Since the two Argentine forms have a long, multi-toothed snout (a trait associated with a primarily fish-based diet) and the teeth are similar to those of Ypupiara, this is strong evidence of its classification as inenlagíneo. These animals are closer to other dromaeosaurs found in Asia, such as a species called Halszkaraptor escuilliei, which, according to the most recognized reconstructions, would have a size close to a swan or a goose and also had many teeth in its mouth.
In the case of Ypupiara, due to the reconstitution of the skull bones, its size is estimated to be 2 to 3 m. In addition to the size, the shape of the teeth, which are conical and without prongs, is another unique feature of this animal. The region of the Marília Formation in the Cretaceous Period was more humid, with rivers and probably resembled today’s Pantanal. “It would feed on fish, but not exclusively on fish, it would be similar to herons today: fish, small lizards, amphibians and other animals,” says Brum.
However, the story of the new dinosaur is curious to say the least. The material remained in the collection drawer of the Museu Nacional in Rio for almost 80 years without any guess as to which animal it belonged to. “The person who collected this fossil was paleontologist Llewellyn Ivor Price, sometime between the 1940s and 1960s, but he recorded it as an indeterminate vertebrate. We then started asking questions and comparing the tooth to everything we knew and that’s how we found it was a dromeosaur, ”said Brum.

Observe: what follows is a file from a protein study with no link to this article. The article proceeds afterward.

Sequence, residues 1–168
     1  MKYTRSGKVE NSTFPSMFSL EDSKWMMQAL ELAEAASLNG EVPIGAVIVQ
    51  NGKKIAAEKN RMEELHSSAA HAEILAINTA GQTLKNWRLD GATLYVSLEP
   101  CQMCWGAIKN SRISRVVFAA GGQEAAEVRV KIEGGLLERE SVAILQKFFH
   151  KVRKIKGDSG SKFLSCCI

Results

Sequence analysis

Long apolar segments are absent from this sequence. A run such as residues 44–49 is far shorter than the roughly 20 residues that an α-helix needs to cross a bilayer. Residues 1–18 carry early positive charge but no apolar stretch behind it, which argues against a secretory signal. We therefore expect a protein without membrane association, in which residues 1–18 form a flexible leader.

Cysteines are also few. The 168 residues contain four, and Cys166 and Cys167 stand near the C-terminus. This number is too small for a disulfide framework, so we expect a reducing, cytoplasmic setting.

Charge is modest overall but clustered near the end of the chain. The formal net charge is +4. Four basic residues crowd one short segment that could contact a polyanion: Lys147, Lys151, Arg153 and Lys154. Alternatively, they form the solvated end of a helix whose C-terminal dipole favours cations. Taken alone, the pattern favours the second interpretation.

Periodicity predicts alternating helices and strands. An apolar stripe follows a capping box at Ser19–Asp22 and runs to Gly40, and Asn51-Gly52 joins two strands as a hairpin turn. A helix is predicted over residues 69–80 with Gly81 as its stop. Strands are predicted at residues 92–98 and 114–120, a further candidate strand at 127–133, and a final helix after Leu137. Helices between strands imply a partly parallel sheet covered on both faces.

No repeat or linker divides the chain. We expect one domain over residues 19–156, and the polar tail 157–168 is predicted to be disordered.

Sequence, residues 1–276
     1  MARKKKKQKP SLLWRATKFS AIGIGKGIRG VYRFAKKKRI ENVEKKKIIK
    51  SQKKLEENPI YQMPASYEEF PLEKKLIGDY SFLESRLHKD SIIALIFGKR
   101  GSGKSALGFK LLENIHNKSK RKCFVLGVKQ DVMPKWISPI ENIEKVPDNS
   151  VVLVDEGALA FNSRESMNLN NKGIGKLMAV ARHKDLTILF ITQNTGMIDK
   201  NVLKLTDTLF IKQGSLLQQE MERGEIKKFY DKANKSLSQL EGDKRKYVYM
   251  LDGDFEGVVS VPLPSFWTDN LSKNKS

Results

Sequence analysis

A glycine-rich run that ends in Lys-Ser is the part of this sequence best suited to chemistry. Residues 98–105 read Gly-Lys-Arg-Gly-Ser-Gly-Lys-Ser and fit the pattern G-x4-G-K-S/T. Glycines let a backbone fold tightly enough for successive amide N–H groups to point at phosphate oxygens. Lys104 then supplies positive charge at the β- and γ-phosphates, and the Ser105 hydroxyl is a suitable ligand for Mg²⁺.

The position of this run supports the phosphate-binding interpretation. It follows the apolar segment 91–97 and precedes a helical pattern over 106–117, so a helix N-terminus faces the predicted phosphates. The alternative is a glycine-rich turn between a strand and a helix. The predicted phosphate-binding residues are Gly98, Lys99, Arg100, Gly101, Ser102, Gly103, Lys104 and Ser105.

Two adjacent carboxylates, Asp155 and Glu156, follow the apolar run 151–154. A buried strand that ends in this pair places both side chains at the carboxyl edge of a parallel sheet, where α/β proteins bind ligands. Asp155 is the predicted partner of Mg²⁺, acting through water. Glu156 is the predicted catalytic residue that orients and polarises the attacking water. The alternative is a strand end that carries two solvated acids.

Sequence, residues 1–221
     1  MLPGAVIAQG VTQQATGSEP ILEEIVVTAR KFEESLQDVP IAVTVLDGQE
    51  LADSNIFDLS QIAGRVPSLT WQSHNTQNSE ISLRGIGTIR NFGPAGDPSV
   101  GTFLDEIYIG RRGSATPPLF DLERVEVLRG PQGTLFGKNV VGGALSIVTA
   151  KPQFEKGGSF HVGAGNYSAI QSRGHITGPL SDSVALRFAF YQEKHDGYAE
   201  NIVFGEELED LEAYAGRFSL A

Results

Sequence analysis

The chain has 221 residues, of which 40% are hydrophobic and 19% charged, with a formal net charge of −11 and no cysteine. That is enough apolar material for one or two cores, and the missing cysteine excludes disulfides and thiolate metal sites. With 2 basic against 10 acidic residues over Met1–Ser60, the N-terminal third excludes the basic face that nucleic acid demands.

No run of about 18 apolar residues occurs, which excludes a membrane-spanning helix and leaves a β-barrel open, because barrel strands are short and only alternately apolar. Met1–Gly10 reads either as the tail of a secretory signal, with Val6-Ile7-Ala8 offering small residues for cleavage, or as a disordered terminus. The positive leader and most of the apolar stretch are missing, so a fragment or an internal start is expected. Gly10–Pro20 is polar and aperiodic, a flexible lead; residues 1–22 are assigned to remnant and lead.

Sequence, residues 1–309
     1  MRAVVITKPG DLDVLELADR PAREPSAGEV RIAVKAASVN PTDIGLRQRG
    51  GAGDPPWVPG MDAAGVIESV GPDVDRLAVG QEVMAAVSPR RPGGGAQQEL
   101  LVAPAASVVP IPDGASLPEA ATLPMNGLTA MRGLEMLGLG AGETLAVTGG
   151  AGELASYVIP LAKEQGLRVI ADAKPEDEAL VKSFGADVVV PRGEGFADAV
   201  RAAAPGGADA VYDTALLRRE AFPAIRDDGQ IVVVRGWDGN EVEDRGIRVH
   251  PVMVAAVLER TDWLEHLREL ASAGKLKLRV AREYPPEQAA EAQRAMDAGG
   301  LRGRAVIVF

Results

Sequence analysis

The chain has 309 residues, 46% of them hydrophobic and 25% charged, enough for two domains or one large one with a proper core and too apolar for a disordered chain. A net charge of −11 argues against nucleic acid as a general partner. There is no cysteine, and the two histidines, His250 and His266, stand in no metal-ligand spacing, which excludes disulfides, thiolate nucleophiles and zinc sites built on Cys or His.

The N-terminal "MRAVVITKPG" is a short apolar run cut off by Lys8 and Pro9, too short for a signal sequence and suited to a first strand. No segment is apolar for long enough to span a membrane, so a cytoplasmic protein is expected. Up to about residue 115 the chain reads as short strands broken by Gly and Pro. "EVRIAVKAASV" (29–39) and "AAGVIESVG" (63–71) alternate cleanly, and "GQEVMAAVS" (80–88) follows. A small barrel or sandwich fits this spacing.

It wasn’t a mere kick that helped figure out what the unknown animal was. At the time of Price there were no records of dromeosaurids in South America, it was not until 2005 that the two Argentine species that made it possible to unravel the mystery were described.
“Argentina is still investing heavily in science and especially in paleontology, despite the recent financial crisis. And of course the driest vegetation and the most desert-like climate [na região da Patagônia, por exemplo] promote the discovery of new fossils, ”said paleontologist Kamilla Bandeira, also one of the authors of the study.